Before this moment, both the bride and groom SHOULD HAVE briefed the representatives from both sides. There should not be any form of disagreement of sorts from anyone at this crucial moment. (Makcik-makcik, please hush… stay in your corners, thank you.)


3- The arrival of the kadi

Yes, Kadis are 99% super punctual.

There have been cases whereby the kadi had asked to leave, because he had to attend another solemnization, and that he could have up to 4 events to attend that day.

Everyone should recognise the kadi, usually dressed up as shown in the image above. As a matter of courtesy and respect, everyone especially the important individuals for the event should welcome him with handshakes and smiles, and guide him to his seat.

4- Seating plan

This might be a little overkill, you say but when you know where everyone should sit, it helps to minimise the confusion.

One side
Bride’s Father – kadi – Witness (bride’s representative)

Other side:
Male Sibling / Groomsman – Groom – Witness (groom’s representative)


An ideal seating arrangement.

Everyone else not involved is to be seated away from this core group. There will be a photographer and / or videographer on duty who would need space to move about, especially with their tripod/s and camera ready to capture the crucial moments.

The gifts should be away from this area, possibly on the tables. Except the dowry / hantaran and the mas kahwin / jewelry.

Get the audio system ready, preferably a microphone so that everyone can hear clearly, the sermon (Khutbah) on marriage by the Kadi. This has always been overlooked, with the crowd / audience not paying attention / respect to the sermon.

4- The procedure (in brief)

Usually the kadi expects both sides to be ready for him. This means that both representatives have their exchange of words and gifts BEFORE he arrives. Even if you’re late, sometimes, he will be kind enough to let both sides to continue with the exchange properly.

He will ask for all your IC / ID and witnesses’ IC / ID. Once checked and verified, he would proceed to the pelamin – the bride – for her signature. However, he will foremost ask the bride to verify the groom. Some kadi would ask, “Are you sincerely willingly ready to be his wife?”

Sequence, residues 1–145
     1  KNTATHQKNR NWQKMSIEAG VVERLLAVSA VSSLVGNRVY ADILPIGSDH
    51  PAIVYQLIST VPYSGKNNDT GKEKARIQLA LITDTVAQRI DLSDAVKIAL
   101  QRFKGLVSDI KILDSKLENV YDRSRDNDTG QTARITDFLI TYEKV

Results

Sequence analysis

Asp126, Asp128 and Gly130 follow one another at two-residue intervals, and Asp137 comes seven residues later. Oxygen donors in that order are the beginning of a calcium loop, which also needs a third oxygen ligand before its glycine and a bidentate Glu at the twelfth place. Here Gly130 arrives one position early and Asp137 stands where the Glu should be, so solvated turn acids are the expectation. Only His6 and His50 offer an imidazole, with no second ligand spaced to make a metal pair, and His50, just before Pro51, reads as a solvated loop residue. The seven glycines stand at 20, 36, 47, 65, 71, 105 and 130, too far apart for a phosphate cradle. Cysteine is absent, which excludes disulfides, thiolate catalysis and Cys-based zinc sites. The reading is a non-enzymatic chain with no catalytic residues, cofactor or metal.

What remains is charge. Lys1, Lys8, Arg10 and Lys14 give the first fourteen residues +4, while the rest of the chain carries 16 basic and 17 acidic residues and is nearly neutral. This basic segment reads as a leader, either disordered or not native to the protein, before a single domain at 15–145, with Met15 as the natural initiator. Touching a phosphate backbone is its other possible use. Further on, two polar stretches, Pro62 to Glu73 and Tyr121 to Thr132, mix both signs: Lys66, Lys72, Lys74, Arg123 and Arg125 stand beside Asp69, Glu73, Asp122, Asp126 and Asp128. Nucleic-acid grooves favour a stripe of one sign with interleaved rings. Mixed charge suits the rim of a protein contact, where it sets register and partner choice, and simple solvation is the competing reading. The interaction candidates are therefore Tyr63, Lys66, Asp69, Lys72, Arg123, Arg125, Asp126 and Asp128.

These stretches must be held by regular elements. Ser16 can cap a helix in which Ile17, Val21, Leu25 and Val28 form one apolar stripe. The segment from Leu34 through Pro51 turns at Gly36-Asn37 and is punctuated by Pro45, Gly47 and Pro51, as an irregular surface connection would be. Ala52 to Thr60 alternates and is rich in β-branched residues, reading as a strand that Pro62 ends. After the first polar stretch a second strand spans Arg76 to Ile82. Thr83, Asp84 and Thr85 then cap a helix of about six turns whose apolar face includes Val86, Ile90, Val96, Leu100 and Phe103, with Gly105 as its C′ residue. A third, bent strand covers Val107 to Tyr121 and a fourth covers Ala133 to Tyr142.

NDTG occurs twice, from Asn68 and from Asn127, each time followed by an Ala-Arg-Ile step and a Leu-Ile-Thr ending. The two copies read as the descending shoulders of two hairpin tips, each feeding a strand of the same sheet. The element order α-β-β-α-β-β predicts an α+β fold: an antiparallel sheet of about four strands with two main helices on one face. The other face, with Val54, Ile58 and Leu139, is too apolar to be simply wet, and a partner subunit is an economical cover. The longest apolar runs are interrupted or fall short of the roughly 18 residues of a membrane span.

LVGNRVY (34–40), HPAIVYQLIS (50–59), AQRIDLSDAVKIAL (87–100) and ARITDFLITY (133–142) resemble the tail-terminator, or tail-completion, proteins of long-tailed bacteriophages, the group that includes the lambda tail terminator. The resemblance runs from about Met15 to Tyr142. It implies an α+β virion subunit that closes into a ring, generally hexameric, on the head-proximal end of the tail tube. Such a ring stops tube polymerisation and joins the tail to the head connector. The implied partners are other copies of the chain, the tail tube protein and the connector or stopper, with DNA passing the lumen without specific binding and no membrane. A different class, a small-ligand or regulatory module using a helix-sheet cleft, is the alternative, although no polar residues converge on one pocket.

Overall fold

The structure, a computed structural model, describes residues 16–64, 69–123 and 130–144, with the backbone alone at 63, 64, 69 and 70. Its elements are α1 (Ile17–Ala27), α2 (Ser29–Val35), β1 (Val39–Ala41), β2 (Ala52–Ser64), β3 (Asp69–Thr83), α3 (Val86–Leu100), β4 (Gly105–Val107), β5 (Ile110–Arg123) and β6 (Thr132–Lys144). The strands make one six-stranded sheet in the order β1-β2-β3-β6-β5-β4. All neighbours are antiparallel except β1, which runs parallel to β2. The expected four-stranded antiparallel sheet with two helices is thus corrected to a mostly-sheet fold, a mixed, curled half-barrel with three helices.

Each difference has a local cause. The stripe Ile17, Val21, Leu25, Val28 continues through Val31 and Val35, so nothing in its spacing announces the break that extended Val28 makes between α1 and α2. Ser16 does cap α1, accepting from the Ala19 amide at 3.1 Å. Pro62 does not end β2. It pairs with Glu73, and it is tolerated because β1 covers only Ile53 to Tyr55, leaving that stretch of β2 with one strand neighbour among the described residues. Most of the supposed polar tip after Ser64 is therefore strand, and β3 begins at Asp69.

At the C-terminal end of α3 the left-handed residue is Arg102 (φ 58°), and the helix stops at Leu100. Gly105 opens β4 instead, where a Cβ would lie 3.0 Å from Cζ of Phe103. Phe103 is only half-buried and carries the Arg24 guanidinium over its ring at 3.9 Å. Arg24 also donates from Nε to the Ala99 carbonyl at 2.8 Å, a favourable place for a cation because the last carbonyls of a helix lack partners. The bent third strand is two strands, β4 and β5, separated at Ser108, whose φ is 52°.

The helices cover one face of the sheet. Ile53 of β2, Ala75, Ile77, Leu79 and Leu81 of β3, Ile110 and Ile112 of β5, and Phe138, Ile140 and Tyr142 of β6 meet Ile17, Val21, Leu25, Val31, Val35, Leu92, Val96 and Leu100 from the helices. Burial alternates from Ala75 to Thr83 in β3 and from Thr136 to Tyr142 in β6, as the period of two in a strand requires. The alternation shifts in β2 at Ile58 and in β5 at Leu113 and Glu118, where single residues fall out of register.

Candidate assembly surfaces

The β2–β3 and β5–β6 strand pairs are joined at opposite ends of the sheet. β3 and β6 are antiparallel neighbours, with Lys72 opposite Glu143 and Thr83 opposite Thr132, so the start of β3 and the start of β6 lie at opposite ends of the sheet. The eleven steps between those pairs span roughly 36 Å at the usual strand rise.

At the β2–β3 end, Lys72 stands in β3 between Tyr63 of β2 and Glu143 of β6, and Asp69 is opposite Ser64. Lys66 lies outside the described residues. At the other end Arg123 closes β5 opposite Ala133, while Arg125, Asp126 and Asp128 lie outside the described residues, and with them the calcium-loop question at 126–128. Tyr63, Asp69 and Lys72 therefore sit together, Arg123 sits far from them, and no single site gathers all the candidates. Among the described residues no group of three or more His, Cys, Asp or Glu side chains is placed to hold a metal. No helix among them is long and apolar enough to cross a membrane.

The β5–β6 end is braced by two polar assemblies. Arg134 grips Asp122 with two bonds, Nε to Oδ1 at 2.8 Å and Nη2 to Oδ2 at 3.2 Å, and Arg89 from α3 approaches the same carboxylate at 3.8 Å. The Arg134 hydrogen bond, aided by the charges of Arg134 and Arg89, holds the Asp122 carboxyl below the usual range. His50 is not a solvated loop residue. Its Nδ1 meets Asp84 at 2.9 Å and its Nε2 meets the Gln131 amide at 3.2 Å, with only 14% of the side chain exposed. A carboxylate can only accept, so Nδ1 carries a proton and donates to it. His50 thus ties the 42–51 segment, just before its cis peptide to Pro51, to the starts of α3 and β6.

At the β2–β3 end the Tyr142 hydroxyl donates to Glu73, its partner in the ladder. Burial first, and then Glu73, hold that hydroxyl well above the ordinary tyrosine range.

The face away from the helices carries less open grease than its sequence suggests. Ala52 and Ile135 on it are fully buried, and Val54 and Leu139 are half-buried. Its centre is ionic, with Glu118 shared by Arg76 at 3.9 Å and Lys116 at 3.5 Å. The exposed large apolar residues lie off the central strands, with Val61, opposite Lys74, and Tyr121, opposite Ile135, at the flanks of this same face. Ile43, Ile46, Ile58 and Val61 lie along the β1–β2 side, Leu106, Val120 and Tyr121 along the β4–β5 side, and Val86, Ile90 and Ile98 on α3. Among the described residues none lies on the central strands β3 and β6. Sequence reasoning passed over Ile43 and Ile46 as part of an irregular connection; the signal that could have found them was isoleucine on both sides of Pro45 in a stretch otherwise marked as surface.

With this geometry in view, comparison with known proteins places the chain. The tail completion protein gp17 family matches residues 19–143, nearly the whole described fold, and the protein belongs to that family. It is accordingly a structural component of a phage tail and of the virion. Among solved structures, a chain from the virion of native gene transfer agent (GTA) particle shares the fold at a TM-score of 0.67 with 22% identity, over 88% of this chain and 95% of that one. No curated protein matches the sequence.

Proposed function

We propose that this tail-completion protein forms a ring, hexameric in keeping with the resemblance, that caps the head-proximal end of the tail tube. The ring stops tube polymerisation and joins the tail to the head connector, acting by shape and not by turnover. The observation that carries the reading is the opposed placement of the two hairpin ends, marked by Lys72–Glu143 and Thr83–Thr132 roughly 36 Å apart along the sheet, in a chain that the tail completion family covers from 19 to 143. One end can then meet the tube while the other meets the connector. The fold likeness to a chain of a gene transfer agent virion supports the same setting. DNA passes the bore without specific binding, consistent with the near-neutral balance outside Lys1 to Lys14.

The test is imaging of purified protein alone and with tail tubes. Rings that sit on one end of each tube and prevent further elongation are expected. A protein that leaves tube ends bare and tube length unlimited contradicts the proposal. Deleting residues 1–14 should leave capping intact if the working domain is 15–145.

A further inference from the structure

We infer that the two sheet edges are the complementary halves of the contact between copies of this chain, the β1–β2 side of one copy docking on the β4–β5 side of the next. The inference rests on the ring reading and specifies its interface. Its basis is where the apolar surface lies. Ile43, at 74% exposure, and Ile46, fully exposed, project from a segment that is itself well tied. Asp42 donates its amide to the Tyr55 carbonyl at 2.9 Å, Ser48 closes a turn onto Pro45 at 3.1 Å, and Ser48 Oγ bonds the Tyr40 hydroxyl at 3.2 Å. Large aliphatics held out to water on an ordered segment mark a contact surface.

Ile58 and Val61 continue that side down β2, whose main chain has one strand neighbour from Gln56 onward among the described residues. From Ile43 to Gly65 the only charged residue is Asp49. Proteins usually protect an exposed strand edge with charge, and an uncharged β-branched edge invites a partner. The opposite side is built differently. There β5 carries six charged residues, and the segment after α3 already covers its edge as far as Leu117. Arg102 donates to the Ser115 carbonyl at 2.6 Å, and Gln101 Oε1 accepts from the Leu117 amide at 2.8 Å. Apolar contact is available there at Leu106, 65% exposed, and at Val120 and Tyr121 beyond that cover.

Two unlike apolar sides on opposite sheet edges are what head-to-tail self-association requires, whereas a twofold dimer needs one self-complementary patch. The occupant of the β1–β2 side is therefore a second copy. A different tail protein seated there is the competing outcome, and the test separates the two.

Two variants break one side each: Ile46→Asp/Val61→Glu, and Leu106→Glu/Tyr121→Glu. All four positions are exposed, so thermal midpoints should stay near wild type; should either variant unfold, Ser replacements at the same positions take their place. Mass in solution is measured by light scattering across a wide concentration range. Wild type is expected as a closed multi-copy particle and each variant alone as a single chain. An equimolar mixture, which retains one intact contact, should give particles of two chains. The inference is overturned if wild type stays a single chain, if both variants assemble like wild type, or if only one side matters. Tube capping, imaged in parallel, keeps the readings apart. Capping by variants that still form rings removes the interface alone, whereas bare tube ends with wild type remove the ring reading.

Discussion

Would you say no? Well, no one has said no before… hehe…


So the bride FIRST puts her bouquet to the side, and signs – TWO copies. And smiles for the camera/s.


After the sermon, the bride’s Wali appoints the Kadi / Naib Kadi to solemnize the marriage or otherwise agrees to solemnize the marriage himself. The solemnization begins.

“Aku terima nikah, (insert bride’s full name here) dengan Mas kahwin tersebut.”

(As long as you have pronounced it clearly for both witnesses to hear, all is good.) Of course there have been cases whereby the groom fumbles with the words and phrases, drawing laughter from the audience, but it has always been very very seldom. While this could be humorous, it could shatter the groom’s pride and confidence.

It is a scared moment, it is a wedding vow, a vow made between you and Him, in the presence of your wife, both your parents and the many other witnesses. Let that sink in, that you are crossing over a phase in your life, with roles and responsibilities on both your shoulders, as a husband.

The Groom shall recite the taklik, reading of special marriage conditions, loud and clear for your bride to hear. Use the microphone please. Or raise you voice loud enough for her. The bride shall be attentive, not time for selfies yet please. Hold on to those tears, if possible.

At this very moment, you’re both husband and wife. Alhamdulillah, congrats!

5- What happens next…?

I’ll continue in the next entry.


I may have overlooked some other factors, so please leave me a message so that I can add on to the list.

Good luck!